Like some particularly large dog had gotten hold of her and shook with all its might.
He couldn't help himself. The image was funny. He laughed. Lana shrieked and him and ran towards him, arms outstretched like a zombie. Cary moved, rolling himself over the top of the sofa and ducked behind it. Lana rounded the sofa, having picked up something, though Cary did not see what. He dashed off, hoping to make it to the front door. He was three or four steps shy when something solid hit him in the back of the head with a very loud cha-thunk. He fell forward to his knees, hands going immediately to his throbbing head. Footsteps chattered up behind him. He couldn't get back to his feet to run. Cary balled himself up and winced for the blows to come.
NO. NO. DON'T HIT ME.
The blows did not come.
The screen door clattered open and Cary heard more footsteps. He risked a peek between his arms, still wrapped about his head. A foot or so beyond him towards the front door were a pair of feet in hard-soled slippers.
Women's slippers. Not Bird.
“What in the hell are you doing?” a stern, angry woman's voice said.
Cary peeked out. To his surprise he saw Lurlene Darxis, his surly neighbor, standing in the foyer, wearing a housecoat and slippers, her eyes boring holes into something behind him. Slowly, Cary turned to follow the direction of Lurlene's eyes. Lana stood above him with a bottle of something, her hand and arm raised as though she were going to bring the bottle down full force to the back of Cary's head. Lana just stood there, vibrating slightly, the bottle in her hand making a bit of a sloshing noise.
“For the Mother's sake, girl, put that bottle down.” Lurlene ordered, her voice clearly used to giving commands, expected to be followed. Lana complied. “And go to bed, you look like you are about to fall into a puddle on the floor.”
Lana sniffled a bit before she trudged off, muttering under her breath. Cary didn't know what to say. He stayed balled up, arms still wrapped about his head, though he looked out from between them, eyes wide at Lurlene. She glared down at him, no expression on her face.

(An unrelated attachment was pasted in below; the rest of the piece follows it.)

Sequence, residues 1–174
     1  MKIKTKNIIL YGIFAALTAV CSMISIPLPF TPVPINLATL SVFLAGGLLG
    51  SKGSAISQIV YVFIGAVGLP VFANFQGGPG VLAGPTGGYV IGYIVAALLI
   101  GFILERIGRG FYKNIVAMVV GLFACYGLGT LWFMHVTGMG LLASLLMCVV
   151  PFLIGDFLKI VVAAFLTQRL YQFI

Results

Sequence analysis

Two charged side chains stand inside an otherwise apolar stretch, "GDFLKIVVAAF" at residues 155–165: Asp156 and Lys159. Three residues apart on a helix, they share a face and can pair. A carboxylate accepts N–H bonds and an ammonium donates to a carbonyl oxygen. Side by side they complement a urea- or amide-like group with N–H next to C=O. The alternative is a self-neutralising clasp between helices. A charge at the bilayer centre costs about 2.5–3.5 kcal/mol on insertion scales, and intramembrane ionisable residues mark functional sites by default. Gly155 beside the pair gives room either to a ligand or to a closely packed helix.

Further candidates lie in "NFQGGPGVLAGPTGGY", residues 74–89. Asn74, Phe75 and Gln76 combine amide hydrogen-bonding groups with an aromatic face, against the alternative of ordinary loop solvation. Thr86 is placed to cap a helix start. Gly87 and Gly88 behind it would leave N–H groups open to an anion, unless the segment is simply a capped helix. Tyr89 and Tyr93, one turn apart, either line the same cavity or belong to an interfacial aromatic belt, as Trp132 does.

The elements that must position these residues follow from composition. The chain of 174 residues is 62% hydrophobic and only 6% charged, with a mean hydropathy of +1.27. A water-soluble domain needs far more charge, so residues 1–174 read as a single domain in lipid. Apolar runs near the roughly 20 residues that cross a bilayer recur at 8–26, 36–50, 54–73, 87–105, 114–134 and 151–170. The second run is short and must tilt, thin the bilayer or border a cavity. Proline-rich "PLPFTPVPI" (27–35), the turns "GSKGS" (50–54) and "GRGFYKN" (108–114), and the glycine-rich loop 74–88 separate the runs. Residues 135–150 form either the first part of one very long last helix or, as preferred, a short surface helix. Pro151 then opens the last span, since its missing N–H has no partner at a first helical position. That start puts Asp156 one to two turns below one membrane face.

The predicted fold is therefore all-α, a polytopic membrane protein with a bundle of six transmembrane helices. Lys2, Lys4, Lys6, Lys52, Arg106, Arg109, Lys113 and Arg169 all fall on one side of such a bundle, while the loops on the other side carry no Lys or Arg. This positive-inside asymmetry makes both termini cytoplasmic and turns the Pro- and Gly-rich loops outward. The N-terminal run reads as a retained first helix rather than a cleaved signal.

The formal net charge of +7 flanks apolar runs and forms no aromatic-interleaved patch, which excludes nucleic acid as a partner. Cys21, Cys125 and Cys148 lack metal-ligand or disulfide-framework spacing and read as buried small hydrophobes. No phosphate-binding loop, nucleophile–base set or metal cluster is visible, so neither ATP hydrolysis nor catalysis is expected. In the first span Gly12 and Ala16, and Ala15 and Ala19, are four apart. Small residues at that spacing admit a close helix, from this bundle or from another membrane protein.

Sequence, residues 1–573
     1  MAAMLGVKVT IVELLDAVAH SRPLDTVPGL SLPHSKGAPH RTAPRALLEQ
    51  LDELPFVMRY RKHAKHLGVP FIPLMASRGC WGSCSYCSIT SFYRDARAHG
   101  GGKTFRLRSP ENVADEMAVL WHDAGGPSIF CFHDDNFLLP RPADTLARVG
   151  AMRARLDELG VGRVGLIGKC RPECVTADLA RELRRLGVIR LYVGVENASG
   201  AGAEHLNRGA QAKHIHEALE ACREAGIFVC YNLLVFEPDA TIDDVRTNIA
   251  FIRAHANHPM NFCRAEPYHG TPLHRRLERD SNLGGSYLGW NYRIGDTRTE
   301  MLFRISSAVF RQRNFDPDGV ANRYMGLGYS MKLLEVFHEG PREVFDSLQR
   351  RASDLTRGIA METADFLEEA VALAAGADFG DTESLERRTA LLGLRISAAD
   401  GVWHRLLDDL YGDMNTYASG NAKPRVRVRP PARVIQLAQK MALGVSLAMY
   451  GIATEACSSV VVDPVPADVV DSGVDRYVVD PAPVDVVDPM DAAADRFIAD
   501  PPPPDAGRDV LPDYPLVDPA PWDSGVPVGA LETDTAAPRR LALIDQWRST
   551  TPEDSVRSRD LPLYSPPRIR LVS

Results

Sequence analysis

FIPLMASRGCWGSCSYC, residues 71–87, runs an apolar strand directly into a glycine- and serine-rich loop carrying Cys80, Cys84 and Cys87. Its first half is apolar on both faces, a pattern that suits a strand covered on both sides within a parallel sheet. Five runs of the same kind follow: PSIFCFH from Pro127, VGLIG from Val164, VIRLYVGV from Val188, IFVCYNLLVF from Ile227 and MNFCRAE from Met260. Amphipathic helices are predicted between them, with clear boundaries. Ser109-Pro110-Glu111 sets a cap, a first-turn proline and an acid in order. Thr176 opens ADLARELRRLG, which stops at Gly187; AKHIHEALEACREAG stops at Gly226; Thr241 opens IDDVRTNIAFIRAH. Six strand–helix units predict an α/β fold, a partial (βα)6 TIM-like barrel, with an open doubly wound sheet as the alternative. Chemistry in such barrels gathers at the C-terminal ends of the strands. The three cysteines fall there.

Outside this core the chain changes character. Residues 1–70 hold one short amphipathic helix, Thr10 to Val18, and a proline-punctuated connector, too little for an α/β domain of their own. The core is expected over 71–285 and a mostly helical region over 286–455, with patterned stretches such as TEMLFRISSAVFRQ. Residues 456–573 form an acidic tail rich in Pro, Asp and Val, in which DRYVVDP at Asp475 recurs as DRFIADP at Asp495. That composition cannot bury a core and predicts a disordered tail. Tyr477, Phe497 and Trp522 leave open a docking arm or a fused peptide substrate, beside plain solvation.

“I don't know what to do about you, kid. You need to learn to protect yourself. There's not always going to be a neighbor around to come in when the noise gets loud. I can't even understand why I bother with you at all.”
Only then did Cary's mind put together several facts. First: Lana had thrown the remote control at his head. Second: the television's audio was blaringly loud. Which must have been what drew Lurlene over. In fact, it was so loud he was shocked to have heard her voice at all. She must have shouted. And third, Lana had likely been about to do him permanent damage with the bottle, had Lurlene not shown up. Lurlene was definitely right, he needed to learn to protect himself, otherwise one of these days Lana or Bird really WAS going to kill him.
Before Cary could say anything back to her, Lurlene padded off and was gone. The screen door slammed behind her. Looking around warily, Cary got to his feet. His nerves made him shake vigorously, still quite aware of how close he had come to grievous bodily harm at Lana's hands. Gulping hard, Cary went to the kitchen window to look outside for some sign of Bird's pickup. Nothing.
What am I supposed to do now? I should run.
Mad ideas rushed through his mind. Escape plans, plans to hide, plans to ignore, plans to get one of Bird's guns and slip it into his waistband like the rappers he watched on television earlier in the week. No image lasted long. Cary couldn't have concentrated on any of them regardless. He was too tired, too scared and anxious.